The Casablanca Conference ends with the announcement that Churchill and Roosevelt would accept only the unconditional surrender of Germany, Japan, and Italy.

American forces take Maknassy in Tunisa.

January 26, 1943

Soviet forces occupy Voronezh.

The British 8th Army takes Zaula in Libya. They are now only 100 miles from Tunisia.

Manpower shortages on the fighting fronts force the Germans to replace flak crews in Germany with Hitler Youth boys as young as 15.

January 27, 1943

The first ?all-American? daylight bombing raid on Germany occurs as 64 B-17 and B-24 bombers hit warehouses at Wilhelmshaven. The Americans claimed 22 German fighter kills and lost only 3 bombers.

Soviet forces clear the direct rail line between Moscow and Leningrad and begin operation on an rail extension through the newly opened corridor, bringing badly needed supplies to the starving city.

January 28, 1943

In a review of war plans presented to the Diet by Premier Hideki Tojo reiterated Japan?s official neutrality toward the Soviet Union, announced plans to recognize the independence of the Burmese State, to grant independence to the Philippines if their people were prepared to cooperate, and to aid India in her fight for freedom against the British Empire.

Soviet forces liberate Kasternoe on the the Kursk-Voronezh railroad.

January 29, 1943

The British 8th Army begins to cross the Tunisian frontier from Libya.

Admiral D?nitz takes over from Admiral Raeder as Commander-in-Chief of the German Navy.

The Luftwaffe makes its last major effort to supply the surrounded forces at Stalingrad, dropping supplies from 124 planes. It would be far to little, far to late.

January 30, 1943

British Mosquito light attack bombers hit Berlin in the first British daylight raid against Berlin. The attacks disrupted the Nazi party?s 10th anniversary celebration taking place at the same time. After a delay of an hour due to the raid, Goering gave his speech saying ?'A thousand years hence Germans will speak of this battle with reverence and awe.? Meanwhile, Paulus radioed Hilter saying, ?'The swastika flag is still flying above Stalingrad. May our battle be an example to the present and coming generations, that they must never capitulate even in a hopeless situation, for them Germany will emerge victorious.? Hitler decided to promote von Paulus to Field Marshal. No German Field Marshal had ever been captured and Hitler hoped von Paulus would commit suicide.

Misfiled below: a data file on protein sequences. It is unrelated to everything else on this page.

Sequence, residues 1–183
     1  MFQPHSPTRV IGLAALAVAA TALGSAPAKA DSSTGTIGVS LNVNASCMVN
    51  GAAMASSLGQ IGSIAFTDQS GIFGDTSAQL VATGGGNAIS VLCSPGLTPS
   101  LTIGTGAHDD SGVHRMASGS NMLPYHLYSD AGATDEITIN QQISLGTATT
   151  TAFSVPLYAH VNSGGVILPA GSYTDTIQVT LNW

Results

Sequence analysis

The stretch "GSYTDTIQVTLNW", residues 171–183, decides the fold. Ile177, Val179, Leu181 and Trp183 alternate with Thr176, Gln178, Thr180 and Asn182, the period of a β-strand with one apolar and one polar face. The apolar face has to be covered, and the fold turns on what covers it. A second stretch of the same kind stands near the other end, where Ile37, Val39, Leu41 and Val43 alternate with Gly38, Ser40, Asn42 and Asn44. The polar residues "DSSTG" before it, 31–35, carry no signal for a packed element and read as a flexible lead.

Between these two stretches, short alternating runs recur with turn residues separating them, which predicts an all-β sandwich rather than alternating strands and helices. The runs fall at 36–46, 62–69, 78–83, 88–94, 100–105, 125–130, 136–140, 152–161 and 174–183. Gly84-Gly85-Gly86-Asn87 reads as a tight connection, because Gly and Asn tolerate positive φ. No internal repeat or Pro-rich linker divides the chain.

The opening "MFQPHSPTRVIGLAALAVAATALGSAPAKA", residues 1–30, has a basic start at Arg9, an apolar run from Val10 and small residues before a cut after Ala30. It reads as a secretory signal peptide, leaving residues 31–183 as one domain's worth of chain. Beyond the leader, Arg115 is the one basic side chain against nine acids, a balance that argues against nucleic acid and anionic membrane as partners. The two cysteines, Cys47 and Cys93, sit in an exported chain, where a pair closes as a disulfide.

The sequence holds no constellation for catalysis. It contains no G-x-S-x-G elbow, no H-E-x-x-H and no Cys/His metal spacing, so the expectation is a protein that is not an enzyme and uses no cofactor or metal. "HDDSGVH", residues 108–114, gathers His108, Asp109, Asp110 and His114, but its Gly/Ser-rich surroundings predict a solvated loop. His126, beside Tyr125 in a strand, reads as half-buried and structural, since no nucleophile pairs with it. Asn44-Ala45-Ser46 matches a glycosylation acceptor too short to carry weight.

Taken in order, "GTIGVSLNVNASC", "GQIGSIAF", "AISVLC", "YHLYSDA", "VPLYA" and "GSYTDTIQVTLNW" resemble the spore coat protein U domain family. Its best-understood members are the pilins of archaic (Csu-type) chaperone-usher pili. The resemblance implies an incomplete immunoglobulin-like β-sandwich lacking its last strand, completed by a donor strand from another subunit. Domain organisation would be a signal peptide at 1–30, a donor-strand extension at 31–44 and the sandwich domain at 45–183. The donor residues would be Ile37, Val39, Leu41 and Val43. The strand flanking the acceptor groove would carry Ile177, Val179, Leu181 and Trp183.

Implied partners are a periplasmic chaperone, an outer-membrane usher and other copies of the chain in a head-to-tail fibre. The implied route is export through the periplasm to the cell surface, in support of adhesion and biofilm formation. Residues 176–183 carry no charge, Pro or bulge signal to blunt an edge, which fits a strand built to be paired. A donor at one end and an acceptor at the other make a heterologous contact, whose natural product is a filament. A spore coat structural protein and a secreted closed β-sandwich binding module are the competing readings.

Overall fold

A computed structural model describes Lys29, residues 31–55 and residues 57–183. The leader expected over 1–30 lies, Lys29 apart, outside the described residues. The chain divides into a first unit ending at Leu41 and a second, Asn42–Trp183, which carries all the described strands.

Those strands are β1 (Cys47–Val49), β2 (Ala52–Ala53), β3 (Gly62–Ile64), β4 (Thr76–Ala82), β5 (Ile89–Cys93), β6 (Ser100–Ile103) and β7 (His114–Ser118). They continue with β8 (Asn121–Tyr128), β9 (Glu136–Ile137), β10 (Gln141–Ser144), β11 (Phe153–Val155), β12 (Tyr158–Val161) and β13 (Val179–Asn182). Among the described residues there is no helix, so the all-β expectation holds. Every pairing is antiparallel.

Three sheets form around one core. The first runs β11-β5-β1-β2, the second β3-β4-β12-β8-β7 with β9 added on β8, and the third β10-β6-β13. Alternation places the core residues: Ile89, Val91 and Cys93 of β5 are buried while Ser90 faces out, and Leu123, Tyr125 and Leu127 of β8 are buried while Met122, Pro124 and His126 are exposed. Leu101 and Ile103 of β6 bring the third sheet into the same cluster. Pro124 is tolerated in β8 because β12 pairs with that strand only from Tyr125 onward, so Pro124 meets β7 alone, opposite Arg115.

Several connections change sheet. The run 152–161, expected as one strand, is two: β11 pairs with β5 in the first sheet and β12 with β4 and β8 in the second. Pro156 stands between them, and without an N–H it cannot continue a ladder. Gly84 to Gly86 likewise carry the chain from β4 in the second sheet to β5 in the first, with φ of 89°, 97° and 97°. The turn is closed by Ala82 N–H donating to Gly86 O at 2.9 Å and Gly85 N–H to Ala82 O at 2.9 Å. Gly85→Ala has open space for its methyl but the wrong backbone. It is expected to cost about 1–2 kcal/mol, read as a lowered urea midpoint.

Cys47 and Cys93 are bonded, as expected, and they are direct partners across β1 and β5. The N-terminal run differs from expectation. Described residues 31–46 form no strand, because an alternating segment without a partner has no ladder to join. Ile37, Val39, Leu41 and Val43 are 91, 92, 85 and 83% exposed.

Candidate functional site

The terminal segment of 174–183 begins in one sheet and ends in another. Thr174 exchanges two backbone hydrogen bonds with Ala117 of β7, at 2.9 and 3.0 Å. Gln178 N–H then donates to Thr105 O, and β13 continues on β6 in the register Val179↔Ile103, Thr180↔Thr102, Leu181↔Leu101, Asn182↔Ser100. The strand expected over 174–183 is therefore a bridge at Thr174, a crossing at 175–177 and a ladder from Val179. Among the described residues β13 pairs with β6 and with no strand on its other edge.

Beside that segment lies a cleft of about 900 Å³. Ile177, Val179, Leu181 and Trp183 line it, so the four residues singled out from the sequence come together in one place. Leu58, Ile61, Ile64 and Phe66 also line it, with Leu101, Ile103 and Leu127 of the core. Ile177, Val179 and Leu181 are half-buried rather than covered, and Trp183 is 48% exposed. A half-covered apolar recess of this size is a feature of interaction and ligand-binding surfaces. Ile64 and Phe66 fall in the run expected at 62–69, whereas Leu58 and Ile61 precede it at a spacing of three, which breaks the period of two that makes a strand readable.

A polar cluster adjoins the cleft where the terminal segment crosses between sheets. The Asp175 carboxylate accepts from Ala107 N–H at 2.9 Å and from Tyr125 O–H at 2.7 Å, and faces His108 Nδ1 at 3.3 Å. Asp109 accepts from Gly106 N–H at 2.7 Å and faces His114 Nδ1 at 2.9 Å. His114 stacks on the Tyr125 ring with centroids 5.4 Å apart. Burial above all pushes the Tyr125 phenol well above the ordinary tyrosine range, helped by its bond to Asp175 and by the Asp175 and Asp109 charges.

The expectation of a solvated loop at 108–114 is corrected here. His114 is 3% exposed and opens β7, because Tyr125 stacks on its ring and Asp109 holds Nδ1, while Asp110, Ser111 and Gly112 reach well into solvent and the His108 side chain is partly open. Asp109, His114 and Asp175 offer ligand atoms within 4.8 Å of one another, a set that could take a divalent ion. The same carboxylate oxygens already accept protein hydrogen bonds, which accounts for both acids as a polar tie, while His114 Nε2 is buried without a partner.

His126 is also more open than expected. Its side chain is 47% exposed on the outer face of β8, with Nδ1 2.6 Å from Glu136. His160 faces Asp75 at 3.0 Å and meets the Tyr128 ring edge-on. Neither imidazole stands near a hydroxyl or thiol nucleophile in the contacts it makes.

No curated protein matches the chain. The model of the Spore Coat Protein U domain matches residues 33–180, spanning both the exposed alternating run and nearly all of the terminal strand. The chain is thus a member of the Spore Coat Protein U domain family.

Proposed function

While escorting reinforcements for Guadalcanal, the US Navy heavy cruiser Chicago was hit and sunk by Japanese aircraft. 21 sailors were killed, but more than a 1000 of her crew were rescued.

January 31, 1943

The Soviet government announced that at 1945 hours, after surrounding the Univemag department store building, Chuikov?s 62nd Army, the defenders of Stalingrad, accepted the surrender of Field Marshal von Paulus and 16 other generals. The northern pocket continued to fight on.

The British 8th Army captures Zuara near the Tunisain border.

RAF bombers launch tonight?s raid over Germany against Hamburg. This was the first time the H2S radar system was used to assist in targeting. The attack was only marginally successful but would lead to more effective use as the terror bombing campaign wore on.